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Reynolds Price, Letter to a Godchild (Concerning Faith) (New York: Scribner, 2006), 95pp.Reynolds Price, Letter to a Godchild (Concerning Faith) (New York: Scribner, 2006), 95pp.

           This slender volume originated as a gift to Reynolds Price's godson back in the year 2000. He has expanded the original letter in order to describe "succinctly, and as honestly as I could manage, the advancing line of my own religious life, [so that] I might provide a useful sense of how one person's existence shaped itself round an early inexplicable event and moved onward from there till now, the start of my eighth decade" (he was born in 1933). His intention is not to write a children's book, or even a book to read to children, but to produce "a document that would be genuinely helpful to a friend in his early adult years."

           The "inexplicable event" that Price mentions was a vision that he had when he was only six or seven of a wheel that symbolized the intimate unity of the vast complexity of all life, all of which was cared for by a benevolent power. Combined with beloved Bible story books, and then his own reading of the Bible, Price wrote himself into the narrative of the Christian story early on. By age seventeen he knew he wanted to be a writer and a teacher, and by any measure he has enjoyed enormous success and acclaim—professor of English at Duke University since 1958, author of thirty-seven volumes of fiction, poetry, essays and plays that have been translated into seventeen languages, and a member of both the American Academy of Arts and Sciences and the American Academy of Arts and Letters.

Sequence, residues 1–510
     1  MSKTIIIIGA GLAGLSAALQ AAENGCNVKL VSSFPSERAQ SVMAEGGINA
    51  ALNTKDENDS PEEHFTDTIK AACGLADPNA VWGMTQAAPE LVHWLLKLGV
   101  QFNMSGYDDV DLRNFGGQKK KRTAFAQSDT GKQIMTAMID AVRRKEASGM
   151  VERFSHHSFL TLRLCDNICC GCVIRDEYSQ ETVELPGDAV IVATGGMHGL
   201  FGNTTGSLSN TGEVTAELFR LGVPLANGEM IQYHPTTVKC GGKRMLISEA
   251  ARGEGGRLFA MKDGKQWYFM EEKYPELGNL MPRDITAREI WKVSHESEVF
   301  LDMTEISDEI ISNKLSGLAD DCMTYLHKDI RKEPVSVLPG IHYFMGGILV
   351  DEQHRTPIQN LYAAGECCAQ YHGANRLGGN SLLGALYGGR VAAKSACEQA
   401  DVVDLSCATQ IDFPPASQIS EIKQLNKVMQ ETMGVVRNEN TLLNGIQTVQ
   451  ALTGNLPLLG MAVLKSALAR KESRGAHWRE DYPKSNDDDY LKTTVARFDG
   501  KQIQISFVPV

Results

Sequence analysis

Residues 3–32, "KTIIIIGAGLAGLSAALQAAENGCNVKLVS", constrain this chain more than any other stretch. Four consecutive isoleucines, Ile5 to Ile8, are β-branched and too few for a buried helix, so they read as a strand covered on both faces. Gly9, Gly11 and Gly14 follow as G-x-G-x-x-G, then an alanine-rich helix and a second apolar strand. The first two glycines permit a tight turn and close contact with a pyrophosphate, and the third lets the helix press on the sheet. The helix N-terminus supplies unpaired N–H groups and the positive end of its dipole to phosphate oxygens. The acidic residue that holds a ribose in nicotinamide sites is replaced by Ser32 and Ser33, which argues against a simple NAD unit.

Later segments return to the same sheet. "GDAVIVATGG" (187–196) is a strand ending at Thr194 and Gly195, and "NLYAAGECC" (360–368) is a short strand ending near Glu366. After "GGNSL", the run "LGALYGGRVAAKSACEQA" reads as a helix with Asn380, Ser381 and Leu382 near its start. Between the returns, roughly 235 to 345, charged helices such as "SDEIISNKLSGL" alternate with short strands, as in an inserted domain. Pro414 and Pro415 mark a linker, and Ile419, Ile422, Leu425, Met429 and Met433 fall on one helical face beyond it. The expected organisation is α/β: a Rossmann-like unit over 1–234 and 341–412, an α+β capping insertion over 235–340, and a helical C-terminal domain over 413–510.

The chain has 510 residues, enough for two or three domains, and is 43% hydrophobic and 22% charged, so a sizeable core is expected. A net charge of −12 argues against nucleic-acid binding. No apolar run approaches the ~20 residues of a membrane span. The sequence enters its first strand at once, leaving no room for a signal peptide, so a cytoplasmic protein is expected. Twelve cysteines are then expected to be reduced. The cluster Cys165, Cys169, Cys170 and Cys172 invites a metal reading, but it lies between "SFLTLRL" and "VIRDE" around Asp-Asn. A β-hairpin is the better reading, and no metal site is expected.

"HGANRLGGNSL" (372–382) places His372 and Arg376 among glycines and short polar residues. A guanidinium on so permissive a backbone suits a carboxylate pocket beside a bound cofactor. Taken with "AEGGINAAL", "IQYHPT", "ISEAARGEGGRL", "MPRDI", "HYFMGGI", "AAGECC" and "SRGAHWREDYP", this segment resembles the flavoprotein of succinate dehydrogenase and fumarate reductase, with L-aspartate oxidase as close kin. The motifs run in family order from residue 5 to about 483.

After graduating from Duke and then Oxford University, Price began his tenure back at Duke. By that time he still understood himself to be distinctly and intentionally Christian, even though his "renegade" faith has expressed itself ever since in decidedly non-institutional and unorthodox ways. At age fifty-one tragedy struck when he was diagnosed with cancer of the spinal cord. Subsequent treatments resulted in the entire paralysis of his lower body. At this point Price recounts a second vision, more vivid and profound than the first, of standing in the Sea of Galilee, where Jesus washed his massive surgical scar and pronounced over him words of healing and forgiveness. In his mind he was miraculously healed, for against the medical prognosis of his doctors, Price survived both the cancer and the barbaric radiation treatments. He writes eloquently about how his life has flourished in far richer ways because of his paraplegia. In the last few pages of his testimonial Price offers his godson practical advice for spiritual formation, including suggested readings, serving the poor, identifying with saints, and frequenting sacred spaces.

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